This is my official entry to the Asia Challengee 2010 essay writing contest. Unfortunately I did not win this contest so I am posting it in my blog. Otherwise you would be reading it at Time Magazine, so be happy that you read it first here at www.zdiaz.com. hehehehehe
What is the most important challenge facing Asia over the next decade? Why? and what should be done about it ? These words stuck with me while I read the last page of the August 2010 issue of Times Magazine on the 29th of August. I usually do not read ads, but somehow for some reason I read this one and found out that the deadline for this essay contest is on the 31st. I quickly researched about Asia in the internet and realized that there are a lot of things to write on. Issues that affect Asia ranging from the most popular such as global warming to corrupt governments to birth control flooded my mind. I am in a quandary as to what to write on.
Amongst all of these issues which is the most important? Having an Industrial Engineering degree for my undergraduate course, I have always believed in the Pareto principle. The Pareto principle which was first postulated by famed Italian economist Vilfredo Pareto postulates that roughly 80% of the effects come from 20% of the causes. The principle helps us focus on the “vital few.” Guided by the Pareto principle I asked myself given Asia’s possible challenges in the next decade, what is Asia’s most important challenge such that in solving this you give a solution to other challenges as well?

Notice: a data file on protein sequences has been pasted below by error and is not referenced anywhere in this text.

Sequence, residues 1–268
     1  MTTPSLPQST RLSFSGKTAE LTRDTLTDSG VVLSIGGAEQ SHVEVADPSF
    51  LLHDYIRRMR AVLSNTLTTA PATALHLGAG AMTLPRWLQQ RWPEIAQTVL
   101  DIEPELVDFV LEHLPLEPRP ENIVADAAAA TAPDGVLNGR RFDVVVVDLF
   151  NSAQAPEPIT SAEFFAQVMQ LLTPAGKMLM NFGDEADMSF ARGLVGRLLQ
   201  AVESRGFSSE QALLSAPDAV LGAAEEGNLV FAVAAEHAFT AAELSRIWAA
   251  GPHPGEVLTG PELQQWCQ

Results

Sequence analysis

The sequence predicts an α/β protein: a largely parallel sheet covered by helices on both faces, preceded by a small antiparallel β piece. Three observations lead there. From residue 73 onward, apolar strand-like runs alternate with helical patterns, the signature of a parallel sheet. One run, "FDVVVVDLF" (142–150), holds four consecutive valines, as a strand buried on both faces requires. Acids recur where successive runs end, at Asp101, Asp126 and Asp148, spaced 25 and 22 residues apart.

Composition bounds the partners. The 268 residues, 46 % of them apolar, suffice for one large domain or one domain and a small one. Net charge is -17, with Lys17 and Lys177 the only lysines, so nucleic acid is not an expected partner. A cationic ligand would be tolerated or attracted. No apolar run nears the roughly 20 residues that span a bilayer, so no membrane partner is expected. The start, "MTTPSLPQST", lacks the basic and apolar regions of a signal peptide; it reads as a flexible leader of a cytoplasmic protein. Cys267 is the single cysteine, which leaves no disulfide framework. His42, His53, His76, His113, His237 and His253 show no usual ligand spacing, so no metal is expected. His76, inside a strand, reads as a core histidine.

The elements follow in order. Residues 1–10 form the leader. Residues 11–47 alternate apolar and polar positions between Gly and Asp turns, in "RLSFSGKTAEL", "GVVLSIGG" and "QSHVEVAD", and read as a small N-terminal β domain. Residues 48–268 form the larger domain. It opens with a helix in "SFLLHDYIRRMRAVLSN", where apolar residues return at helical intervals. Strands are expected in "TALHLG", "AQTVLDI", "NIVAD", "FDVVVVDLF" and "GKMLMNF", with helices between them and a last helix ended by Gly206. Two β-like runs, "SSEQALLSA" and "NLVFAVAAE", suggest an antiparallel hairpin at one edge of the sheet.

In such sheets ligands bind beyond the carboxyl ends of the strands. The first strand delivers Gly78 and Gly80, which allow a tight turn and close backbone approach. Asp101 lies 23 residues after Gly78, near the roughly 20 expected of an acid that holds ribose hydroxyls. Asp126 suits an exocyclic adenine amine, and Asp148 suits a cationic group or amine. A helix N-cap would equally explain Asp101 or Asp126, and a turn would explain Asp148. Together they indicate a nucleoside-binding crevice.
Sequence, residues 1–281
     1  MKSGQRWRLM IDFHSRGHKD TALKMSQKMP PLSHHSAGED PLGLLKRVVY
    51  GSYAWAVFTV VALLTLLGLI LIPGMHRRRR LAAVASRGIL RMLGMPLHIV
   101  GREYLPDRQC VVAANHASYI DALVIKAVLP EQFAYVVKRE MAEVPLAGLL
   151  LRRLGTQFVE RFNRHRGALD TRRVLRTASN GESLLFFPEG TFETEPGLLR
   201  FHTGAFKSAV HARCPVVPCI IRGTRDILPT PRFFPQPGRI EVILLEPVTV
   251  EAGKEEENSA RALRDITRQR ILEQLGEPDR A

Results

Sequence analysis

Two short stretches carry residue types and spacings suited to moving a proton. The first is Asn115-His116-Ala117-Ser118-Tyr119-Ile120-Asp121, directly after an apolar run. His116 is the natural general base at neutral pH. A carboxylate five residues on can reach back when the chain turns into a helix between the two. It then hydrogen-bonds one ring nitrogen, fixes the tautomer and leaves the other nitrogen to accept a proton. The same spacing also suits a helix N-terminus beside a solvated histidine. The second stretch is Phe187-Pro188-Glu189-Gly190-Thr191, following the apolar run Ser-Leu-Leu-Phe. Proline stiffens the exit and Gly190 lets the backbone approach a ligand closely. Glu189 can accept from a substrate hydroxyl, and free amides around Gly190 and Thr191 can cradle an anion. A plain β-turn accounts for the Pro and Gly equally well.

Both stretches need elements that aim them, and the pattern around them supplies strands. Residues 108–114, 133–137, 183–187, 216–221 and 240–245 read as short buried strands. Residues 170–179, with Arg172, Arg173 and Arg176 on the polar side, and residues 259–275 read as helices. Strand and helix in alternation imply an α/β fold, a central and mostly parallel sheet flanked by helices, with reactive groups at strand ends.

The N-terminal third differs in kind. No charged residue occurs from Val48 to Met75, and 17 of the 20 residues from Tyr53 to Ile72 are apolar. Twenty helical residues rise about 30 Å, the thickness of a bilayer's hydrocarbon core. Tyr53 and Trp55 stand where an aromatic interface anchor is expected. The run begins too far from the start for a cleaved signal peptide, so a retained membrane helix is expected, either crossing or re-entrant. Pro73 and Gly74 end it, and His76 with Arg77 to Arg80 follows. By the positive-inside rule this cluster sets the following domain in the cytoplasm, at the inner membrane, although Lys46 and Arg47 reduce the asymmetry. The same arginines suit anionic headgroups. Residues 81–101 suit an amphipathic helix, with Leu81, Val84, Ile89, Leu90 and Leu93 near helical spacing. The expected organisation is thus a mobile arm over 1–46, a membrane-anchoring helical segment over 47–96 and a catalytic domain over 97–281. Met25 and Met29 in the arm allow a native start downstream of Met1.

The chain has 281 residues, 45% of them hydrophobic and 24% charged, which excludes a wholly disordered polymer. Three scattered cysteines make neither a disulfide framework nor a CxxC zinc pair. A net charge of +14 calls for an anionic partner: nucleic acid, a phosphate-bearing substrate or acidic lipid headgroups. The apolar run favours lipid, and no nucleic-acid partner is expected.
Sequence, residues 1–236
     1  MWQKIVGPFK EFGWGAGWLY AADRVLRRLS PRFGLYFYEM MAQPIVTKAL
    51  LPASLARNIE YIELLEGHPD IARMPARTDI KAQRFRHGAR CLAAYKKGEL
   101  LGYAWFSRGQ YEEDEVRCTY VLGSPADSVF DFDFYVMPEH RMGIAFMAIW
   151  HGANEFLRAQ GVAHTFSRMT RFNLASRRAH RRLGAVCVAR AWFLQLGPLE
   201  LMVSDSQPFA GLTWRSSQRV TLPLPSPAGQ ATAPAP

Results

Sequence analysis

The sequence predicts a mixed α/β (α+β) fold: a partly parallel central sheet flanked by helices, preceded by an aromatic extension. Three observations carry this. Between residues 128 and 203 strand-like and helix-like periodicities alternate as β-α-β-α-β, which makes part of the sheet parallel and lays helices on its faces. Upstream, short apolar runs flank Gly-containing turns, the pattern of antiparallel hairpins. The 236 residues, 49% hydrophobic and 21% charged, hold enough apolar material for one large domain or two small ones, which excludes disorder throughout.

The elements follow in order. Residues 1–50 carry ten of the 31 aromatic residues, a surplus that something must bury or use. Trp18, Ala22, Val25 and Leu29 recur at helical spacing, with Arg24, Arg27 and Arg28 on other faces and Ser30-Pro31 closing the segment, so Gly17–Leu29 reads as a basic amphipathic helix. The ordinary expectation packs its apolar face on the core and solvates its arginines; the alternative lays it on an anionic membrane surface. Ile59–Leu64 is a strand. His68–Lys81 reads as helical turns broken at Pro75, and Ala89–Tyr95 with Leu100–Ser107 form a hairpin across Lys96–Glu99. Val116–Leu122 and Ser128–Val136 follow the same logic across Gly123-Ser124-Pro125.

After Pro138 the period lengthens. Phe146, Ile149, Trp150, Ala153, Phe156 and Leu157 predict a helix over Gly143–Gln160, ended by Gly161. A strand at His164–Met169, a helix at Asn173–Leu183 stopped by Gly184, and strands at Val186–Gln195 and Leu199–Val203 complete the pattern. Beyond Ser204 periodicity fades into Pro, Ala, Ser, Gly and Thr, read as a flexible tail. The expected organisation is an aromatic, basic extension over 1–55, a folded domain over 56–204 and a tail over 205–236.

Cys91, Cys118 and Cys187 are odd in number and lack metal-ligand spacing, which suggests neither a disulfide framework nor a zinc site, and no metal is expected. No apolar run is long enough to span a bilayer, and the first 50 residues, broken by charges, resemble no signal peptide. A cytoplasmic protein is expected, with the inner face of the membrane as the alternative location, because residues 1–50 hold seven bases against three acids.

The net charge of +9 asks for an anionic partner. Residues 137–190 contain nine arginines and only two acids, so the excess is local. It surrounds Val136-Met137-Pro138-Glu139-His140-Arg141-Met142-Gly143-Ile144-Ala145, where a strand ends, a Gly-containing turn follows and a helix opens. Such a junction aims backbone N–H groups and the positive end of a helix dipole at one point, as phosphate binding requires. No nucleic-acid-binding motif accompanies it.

There is no easy answer, but later on I became convinced that the answer is Poverty. Asia’s most important challenge over the next decade is how to solve the problem of poverty. In fact this problem has been nagging not only Asia but the entire world for several decades if not centuries.
Poverty, a small seven letter word which seems such a generalization of the problem but in reality is the root cause of all problems and will continue to be a challenge that Asia will face in the next decade.
A study by the Asian Development bank reveals that close to 900 million of the world’s poor (i.e., those who survive on less than $1 a day) live in the Asian and Pacific region and nearly one in three Asian is poor. South Asia, one of the poorest subregions in the world, now has more than half a billion poor people, of whom 450 million are in India. The People’s Republic of China (PRC) has 225 million poor, and about 55 million more are in Southeast Asia.1
As a result of poverty in Asia, the region has the highest number of malnourished children and has one of the poorest health care among the continents. This may come as a surprise as Africa has always been identified with having lots of malnourished children. However a Reuters report released in August of 2008 revealed that India, Bangladesh and Pakistan together account for half the world’s underweight children according as reported by the United Nations Children Fund (UNICEF). The same report states that 30 percent of children under five in Asia-Pacific are underweight as compared to sub-Saharan Africa’s 28 percent. 2 According to the Global Hunger Index, South Asia has the highest child malnutrition rate. 3 Every year, world wide, more than half a million women die in pregnancy or childbirth. Almost 90% of maternal deaths occur in Asia and sub-Saharan Africa. 4 If you are malnourished, no need to go into a diet using generic Phentermine.
Stay tuned for Part 2 of “Solving Asia’s Poverty Problem – Part 2”
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